But along the way, something has gone missing. What makes programmers feel the way they do when they’re programming? It’s not usually fun to spend an age doing something that could have been done easily, so efficiency and usability still matter, but they’re not the end of the story.

Some environments, activities, contexts, languages, infrastructures make programming feel alive, others feel like working in a bureaucracy. This is not purely technologically determined, writing Lisp to do your taxes probably still isn’t fun, but it’s also not technologically neutral, writing XML to produce performance art is still likely to be <bureaucratic></bureaucratic>.

Whilst we can probably mostly agree about what isn’t fun, what is remains more personal and without a space within the academy to describe it.

In its past editions, PX set its focus on questions like: Do programmers create text that is transformed into running behavior (the old way), or do they operate on behavior directly (“liveness”); are they exploring the live domain to understand the true nature of the requirements; are they like authors creating new worlds; does visualization matter; is the experience immediate, immersive, vivid and continuous; do fluency, literacy, and learning matter; do they build tools, meta-tools; are they creating languages to express new concepts quickly and easily; and curiously, is joy relevant to the experience?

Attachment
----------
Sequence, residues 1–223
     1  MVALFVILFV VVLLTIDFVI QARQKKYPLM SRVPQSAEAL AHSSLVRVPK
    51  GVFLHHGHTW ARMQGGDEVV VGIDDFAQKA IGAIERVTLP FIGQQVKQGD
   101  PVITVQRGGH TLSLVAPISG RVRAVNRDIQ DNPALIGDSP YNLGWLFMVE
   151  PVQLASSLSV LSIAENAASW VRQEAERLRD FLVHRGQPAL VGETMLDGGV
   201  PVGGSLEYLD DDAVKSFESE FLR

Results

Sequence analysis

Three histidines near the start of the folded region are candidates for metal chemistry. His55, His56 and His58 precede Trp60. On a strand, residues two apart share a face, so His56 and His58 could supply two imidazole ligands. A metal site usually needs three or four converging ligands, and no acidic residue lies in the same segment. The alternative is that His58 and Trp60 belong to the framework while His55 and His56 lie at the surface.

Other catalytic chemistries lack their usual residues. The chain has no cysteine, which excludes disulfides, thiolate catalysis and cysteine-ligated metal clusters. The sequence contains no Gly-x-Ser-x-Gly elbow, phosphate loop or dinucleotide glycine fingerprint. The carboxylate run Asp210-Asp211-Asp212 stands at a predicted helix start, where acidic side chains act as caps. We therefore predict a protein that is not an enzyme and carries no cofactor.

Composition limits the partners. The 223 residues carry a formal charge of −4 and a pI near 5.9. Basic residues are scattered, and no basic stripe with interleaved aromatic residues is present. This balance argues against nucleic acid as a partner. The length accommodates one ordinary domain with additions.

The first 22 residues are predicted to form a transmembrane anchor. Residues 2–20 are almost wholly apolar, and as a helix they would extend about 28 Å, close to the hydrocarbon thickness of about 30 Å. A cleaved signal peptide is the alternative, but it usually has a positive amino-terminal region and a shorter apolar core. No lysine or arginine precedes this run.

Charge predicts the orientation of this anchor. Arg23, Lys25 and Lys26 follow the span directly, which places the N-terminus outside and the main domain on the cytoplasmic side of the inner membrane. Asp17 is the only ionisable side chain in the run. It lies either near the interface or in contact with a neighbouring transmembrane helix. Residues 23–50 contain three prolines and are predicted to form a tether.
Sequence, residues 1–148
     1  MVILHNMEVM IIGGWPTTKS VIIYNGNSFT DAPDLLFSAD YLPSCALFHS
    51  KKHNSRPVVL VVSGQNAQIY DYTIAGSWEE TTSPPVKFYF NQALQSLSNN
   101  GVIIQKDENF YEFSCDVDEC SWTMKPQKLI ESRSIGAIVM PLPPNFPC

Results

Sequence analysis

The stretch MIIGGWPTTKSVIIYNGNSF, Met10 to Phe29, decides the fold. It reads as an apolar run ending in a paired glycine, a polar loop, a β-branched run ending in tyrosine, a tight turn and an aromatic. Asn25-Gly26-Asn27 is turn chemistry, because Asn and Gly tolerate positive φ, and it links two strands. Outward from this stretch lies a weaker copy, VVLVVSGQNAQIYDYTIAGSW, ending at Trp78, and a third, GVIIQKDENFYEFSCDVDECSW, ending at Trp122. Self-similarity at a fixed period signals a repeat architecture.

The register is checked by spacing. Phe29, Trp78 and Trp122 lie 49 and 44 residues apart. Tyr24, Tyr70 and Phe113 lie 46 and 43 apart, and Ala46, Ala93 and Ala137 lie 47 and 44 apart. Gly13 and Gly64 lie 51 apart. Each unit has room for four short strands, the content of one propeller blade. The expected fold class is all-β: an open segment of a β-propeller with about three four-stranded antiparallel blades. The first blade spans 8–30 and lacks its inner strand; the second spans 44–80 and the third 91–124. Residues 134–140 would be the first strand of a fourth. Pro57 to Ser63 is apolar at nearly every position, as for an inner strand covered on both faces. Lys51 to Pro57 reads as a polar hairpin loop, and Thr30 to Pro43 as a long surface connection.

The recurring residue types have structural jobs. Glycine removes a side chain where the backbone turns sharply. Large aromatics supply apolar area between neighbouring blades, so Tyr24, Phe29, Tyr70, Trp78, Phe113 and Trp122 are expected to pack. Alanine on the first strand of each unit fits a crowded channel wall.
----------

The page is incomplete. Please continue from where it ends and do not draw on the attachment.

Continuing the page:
In this 7th edition of PX, we will expand its focus to also cover the experience that programmers have. What makes it and what breaks it? For whom? What can we build to share the joy of programming with others?

Here is a list of topic areas to get you thinking:

  • creating programs
  • experience of programming
  • exploratory programming
  • liveness
  • non-standard tools
  • visual, auditory, tactile, and other non-textual languages
  • text and more than text
  • program understanding
  • domain-specific languages
  • psychology of programming
  • error tolerance
  • user studies

Correctness, performance, standard tools, foundations, and text-as-program are important traditional research areas, but the experience of programming and how to improve and evolve it are the focus of this workshop. We also welcome a wide spectrum of contributions on programming experience.

Submissions

Submissions are solicited for Programming Experience 2021 (PX/21). The thrust of the workshop is to explore the human experience of programming—what it feels like to program, or what it should feel like. The technical topics include exploratory programming, live programming, authoring, representation of active content, visualization, navigation, modularity mechanisms, immediacy, literacy, fluency, learning, tool building, and language engineering.

Submissions by academics, professional programmers, and non-professional programmer are welcome. Submissions can be in any form and format, including but not limited to papers, presentations, demos, videos, panels, debates, essays, writers’ workshops, and art. Presentation slots are expected to be between 20 minutes and one hour (if time allows), depending on quality, form, and relevance to the workshop.

Submissions of academic papers directed toward publication should be so marked, and the program committee will engage in peer review for all such papers.